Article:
If you are an avid touring cyclist and want an unending supply of beautiful roads with little to no traffic … negotiate the month of September as your vacation time for the rest of your working days. Then, when you retire, simply continue this travel pattern until your legs no longer spin.
September is my favorite month to travel. There isn’t a single place in the United States (or the entire Northern Hemisphere, for that matter) I’d avoid in this glorious month.
Summer vacation is over and the summer crowds and traffic that go with it have faded. The sun is angling lower in the sky, which your eyes and camera will love. The days are getting shorter, but the lack of blistering hot afternoons surely makes up for the loss of daylight hours.
Add to that the availability of camping sites and lower prices for airfare, hotels, restaurants, and just about everything else.
May might be Bike Month, but I’d like to nominate September as Bike Travel Month.
As we crested the hill, it appeared as if it were snowing. In southeastern Oregon? In September? It was 75 degrees!
A blizzard of white flakes floated down from the ponderosa pines above. A glance over to the side of the road revealed tens of thousands of butterflies feasting on the nectar of wildflowers. The ditches were white with butterfly carcasses.
It was quite a sight. But it is rather weird to have all of that movement, the flapping of thousands of wings, and no sound.
At least not that we could hear.
Information posted at the Malheur National Forest campground answered many of our questions. We were witnessing a pine butterfly outbreak, an uncommon occurrence. The last documented outbreak in Oregon was in the 1980s.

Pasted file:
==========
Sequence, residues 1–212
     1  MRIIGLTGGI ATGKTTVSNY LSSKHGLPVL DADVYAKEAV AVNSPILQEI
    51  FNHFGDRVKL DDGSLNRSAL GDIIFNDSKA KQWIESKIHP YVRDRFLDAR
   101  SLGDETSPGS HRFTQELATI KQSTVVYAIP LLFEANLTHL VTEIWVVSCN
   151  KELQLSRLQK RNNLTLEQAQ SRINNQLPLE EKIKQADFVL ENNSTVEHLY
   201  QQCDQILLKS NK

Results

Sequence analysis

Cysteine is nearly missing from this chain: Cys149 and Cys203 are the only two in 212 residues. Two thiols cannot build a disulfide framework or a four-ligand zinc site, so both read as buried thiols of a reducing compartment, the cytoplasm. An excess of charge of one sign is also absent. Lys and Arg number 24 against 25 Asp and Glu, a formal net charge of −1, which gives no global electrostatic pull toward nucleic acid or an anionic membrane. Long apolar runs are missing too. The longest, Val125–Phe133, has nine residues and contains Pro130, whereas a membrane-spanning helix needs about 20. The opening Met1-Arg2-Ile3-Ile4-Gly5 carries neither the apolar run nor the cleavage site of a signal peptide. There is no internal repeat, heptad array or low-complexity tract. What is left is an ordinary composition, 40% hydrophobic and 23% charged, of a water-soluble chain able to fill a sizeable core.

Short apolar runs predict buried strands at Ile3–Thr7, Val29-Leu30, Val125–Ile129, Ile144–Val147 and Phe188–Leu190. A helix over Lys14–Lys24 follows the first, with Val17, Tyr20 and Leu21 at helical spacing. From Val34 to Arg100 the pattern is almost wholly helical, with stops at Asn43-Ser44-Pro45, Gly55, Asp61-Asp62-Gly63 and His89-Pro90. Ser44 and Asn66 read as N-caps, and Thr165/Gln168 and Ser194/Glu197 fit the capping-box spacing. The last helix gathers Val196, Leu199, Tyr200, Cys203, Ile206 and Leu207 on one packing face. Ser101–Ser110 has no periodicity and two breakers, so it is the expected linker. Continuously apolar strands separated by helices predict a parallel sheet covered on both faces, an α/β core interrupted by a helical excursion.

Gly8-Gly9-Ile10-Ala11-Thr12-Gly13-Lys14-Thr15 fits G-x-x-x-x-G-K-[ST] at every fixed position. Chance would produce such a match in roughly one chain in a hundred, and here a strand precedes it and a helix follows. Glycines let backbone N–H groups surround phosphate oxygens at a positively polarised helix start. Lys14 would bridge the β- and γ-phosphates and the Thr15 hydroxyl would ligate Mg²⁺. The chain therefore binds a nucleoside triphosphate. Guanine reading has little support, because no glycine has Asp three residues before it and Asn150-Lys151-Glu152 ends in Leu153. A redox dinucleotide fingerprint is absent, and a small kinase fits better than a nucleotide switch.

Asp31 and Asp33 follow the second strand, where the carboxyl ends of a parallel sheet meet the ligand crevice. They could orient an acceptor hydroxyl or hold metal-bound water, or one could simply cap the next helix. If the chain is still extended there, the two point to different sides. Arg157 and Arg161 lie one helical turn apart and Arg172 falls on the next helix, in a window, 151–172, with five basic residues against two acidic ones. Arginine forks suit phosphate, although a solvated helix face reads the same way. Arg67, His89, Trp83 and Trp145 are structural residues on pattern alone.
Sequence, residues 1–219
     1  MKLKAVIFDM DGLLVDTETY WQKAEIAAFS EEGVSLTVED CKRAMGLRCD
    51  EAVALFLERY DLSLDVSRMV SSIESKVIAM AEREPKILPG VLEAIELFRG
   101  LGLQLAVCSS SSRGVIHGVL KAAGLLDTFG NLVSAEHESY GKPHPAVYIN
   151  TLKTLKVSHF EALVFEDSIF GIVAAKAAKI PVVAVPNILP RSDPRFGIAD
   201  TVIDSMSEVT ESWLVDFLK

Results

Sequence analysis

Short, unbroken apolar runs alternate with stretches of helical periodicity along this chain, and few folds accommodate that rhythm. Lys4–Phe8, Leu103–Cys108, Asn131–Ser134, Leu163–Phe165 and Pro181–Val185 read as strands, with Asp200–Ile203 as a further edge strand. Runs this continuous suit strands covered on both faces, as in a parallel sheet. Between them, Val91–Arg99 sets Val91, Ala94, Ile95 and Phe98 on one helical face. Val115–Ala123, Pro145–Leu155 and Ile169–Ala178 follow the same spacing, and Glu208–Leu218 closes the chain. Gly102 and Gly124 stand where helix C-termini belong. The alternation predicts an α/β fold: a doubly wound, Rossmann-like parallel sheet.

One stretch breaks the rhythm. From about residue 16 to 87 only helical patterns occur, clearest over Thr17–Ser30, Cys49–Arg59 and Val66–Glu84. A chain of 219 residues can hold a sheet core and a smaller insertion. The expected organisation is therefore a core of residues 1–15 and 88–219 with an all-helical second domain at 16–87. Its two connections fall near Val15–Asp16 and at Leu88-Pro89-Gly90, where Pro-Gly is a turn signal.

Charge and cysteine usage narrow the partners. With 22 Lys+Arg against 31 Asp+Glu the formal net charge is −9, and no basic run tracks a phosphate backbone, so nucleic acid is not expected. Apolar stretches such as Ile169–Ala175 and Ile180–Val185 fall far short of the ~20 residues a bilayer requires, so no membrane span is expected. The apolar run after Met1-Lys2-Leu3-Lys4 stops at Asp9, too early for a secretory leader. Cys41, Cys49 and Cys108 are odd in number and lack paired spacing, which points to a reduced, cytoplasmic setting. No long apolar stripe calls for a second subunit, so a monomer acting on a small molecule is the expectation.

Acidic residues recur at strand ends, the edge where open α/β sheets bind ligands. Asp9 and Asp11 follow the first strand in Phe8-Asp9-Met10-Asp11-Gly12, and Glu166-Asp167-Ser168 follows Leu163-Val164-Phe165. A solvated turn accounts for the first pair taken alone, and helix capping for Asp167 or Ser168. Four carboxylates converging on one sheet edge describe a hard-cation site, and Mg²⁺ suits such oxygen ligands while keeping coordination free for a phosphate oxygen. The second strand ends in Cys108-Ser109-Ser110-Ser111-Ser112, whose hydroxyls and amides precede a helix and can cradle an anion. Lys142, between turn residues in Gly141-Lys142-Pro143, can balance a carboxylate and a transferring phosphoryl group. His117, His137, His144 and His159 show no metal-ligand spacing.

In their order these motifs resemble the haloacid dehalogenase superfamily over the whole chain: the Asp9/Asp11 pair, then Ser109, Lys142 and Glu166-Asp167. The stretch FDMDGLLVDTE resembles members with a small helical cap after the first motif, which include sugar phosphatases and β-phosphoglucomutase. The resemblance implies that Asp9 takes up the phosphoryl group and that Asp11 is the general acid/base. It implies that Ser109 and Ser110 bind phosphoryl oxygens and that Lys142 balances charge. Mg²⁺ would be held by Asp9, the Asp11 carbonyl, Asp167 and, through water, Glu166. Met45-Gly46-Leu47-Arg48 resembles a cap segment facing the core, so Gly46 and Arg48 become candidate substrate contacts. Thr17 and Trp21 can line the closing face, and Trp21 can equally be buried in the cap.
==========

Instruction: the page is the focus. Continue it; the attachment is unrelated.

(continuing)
Pine butterflies (Neophasia menapia) range from British Columbia to Mexico. Their favorite food in Oregon (while in the caterpillar stage) is the ponderosa pine. During a normal year, the caterpillars eat only the older needles of the tree.
But during a large outbreak, they munch on the newer needles as well, weakening the trees and making them more susceptible to pine beetle infestation.
So, this wonderland of butterflies for us was a bummer for the stands of ponderosa pine all around us. Many of the trees in our campground were obviously stressed.
Nature’s control is already at work. The numbers of parasitic wasps that feed on the pine butterfly are up.
As much as we enjoyed the wonder of the butterflies, it’s time to root for the wasps!
Last week I confessed my obsession of photographing house numbers during our bike journey in Portugal.
I realize the short “video” might have had a certain entertainment value, but probably fell far short of convincing the viewer that they should hop on a bike and tour there.
I now present “Countdown Redux”. Twenty-one images that should whet your traveler’s appetite and have you dreaming of your own bike trip through Portugal or somewhere, anywhere on this incredible planet.
When traveling through a country there is so much to take in — sights, sounds, culture, language. It can be overwhelming.